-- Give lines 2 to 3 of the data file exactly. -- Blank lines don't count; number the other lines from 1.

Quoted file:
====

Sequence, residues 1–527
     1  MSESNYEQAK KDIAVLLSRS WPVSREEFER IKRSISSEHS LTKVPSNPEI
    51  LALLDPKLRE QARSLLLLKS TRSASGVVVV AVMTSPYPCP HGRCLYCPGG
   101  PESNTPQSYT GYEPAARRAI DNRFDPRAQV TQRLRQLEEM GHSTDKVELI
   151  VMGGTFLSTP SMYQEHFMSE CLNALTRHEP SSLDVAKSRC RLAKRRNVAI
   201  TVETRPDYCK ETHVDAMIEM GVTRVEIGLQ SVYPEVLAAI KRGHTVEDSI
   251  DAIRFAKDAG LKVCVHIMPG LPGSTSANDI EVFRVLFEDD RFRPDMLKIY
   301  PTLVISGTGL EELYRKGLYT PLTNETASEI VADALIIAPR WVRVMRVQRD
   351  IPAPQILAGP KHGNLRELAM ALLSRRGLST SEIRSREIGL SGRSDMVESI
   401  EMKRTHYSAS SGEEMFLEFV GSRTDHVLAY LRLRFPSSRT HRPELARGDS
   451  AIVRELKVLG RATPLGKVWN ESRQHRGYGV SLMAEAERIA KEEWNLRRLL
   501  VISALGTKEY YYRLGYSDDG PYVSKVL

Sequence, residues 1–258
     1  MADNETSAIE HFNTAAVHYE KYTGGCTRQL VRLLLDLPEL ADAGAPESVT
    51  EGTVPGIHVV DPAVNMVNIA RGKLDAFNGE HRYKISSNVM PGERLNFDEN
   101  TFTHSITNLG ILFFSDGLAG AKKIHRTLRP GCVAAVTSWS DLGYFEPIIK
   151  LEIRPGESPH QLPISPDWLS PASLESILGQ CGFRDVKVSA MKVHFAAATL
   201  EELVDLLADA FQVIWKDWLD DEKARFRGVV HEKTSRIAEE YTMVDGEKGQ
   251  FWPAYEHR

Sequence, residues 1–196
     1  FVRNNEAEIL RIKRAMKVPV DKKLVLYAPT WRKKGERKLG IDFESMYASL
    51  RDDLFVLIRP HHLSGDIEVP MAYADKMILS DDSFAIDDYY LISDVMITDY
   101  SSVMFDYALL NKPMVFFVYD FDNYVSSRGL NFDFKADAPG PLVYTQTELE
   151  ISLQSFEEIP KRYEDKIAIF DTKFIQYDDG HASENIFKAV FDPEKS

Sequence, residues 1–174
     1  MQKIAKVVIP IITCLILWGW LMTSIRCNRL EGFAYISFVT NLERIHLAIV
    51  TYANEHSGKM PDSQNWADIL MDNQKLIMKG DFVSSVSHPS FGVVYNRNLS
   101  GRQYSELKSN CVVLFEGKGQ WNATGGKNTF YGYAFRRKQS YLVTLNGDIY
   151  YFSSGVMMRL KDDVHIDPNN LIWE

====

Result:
     1  MSESNYEQAK KDIAVLLSRS WPVSREEFER IKRSISSEHS LTKVPSNPEI
    51  LALLDPKLRE QARSLLLLKS TRSASGVVVV AVMTSPYPCP HGRCLYCPGG